Thanks to an inexplicable legal settlement, the future of America’s last great blackwater wetland once again hangs in the balance. Having bypassed federal oversight, Twin Pines Minerals hopes to mine on the doorstep of the Okefenokee National Wildlife Refuge, the largest refuge east of the Mississippi, along a feature known as the Trail Ridge. New research confirms what’s at stake.
In comments submitted to the state, Dr. C. Rhett Jackson, John Porter Stevens Distinguished Professor of Water Resources at the University of Georgia, cautioned against the project and its inevitable impacts. After examining the effects of groundwater pumping, dewatering of the mine pit and destruction of the soils that constitute the Trail Ridge, Jackson concluded that mining “will have significant hydrologic and other impacts on the Okefenokee Swamp.”
The Trail Ridge, Jackson noted, acts as the swamp’s “earthen dam” and plays a critical role in maintaining the Okefenokee. Mining “can be expected to make the swamp drier in dry periods and also to make dry periods last longer. Drought frequency and severity, along with fire risk, would increase,” transforming the Okefenokee as we know it today.
Equally at risk, Jackson notes, is the wilderness character of the refuge. Nighttime operations “would degrade the night sky quality and diminish the recreational value of the swamp.”
Indeed, if Twin Pines Minerals executes its long-term vision, draglines and bulldozers would eventually destroy roughly 6,000 football fields worth of land, coming within 400-feet of the Okefenokee. People driving Swamp Perimeter Road would be stunned by the contrast: the famed Okefenokee on their left; an industrial moonscape, with mining pits, buildings and infrastructure on their right.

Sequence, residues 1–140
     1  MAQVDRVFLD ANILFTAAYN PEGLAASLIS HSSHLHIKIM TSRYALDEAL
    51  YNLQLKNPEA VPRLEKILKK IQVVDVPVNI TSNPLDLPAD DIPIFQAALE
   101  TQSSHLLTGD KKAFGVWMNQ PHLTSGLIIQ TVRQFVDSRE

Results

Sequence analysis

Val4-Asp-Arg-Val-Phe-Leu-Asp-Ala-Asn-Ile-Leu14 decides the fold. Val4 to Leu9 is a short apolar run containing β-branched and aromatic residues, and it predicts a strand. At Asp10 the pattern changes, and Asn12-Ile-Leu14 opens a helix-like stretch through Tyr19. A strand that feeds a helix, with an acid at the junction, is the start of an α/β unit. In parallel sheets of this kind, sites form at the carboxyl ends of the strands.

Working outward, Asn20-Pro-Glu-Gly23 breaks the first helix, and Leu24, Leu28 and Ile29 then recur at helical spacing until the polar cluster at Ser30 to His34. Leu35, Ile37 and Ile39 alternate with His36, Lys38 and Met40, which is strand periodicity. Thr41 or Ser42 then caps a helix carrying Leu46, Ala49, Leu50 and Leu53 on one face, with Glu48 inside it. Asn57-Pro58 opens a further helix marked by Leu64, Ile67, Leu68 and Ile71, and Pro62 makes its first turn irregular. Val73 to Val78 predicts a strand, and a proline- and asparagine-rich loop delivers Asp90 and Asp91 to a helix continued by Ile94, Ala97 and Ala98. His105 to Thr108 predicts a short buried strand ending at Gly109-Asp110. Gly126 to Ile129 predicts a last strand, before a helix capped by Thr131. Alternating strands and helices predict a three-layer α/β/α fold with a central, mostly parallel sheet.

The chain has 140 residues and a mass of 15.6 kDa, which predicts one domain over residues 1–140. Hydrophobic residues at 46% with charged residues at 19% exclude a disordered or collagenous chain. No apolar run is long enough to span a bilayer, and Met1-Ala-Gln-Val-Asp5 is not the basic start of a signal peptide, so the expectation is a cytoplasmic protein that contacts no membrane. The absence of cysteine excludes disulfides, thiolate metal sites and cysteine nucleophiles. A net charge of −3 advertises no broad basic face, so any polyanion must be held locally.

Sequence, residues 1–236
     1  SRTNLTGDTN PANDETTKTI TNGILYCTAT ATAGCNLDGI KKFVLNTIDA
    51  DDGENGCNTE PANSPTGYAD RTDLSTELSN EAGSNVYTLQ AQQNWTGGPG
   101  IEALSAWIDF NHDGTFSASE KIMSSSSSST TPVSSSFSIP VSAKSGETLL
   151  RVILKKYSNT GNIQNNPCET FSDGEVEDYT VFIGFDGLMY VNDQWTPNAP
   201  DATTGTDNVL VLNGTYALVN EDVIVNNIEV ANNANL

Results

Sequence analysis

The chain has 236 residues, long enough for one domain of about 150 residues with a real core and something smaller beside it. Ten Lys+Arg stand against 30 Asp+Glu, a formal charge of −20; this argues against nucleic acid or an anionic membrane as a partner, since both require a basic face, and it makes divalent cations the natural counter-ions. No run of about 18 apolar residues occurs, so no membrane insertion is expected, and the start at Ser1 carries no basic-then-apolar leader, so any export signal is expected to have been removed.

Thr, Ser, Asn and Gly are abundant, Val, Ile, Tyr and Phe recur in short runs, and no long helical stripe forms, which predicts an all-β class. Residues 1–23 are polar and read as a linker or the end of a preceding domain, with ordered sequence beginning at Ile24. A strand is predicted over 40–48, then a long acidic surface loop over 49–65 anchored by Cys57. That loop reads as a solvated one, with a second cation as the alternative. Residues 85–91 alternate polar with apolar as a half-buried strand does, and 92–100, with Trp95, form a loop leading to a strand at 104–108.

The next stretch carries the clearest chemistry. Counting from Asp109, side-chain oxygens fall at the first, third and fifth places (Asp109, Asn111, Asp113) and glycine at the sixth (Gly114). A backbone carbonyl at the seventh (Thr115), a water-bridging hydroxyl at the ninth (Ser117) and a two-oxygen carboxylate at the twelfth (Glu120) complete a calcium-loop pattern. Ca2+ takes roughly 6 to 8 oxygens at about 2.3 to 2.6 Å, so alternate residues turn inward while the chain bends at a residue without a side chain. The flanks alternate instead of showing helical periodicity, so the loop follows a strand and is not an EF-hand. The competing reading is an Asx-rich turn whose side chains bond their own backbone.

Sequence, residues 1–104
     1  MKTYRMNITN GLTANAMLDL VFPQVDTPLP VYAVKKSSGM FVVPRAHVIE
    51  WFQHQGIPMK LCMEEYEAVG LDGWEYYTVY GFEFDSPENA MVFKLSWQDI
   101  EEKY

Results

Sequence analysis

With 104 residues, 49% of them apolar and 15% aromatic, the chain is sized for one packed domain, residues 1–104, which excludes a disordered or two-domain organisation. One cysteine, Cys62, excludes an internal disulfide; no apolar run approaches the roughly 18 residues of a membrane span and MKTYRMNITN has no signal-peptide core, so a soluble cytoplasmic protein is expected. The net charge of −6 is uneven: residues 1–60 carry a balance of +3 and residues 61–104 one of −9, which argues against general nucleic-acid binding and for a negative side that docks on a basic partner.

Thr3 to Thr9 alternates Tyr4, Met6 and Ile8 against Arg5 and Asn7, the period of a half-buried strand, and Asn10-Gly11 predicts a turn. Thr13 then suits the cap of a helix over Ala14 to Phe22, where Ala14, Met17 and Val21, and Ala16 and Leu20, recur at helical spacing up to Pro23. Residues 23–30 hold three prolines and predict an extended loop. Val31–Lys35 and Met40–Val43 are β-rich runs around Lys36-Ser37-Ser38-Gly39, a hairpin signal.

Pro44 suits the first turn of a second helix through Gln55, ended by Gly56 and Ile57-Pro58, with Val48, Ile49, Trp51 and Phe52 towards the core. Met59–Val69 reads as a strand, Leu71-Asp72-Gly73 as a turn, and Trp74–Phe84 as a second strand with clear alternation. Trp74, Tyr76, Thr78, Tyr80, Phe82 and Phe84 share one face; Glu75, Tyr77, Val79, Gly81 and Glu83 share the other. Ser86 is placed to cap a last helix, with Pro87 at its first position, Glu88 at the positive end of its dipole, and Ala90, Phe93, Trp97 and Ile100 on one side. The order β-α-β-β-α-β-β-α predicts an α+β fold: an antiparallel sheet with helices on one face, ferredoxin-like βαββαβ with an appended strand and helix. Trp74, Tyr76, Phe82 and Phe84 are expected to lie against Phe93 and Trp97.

The refuge records as many as 700,000 visits per year, making it among the country’s most economically productive wildlife refuge for local communities. It would not, however, exist as we know it today—alive and brimming with wildlife, functioning as it has millennia—but for the resolve of national and state leaders who resisted a similar venture, decades ago.
The science makes clear—a similar display of leadership by the Department of the Interior, Georgia officials and legislators is needed now more than ever.
You can encourage the Georgia Environmental Protection Division to reject the permits at TwinPines.Comment@dnr.ga.gov.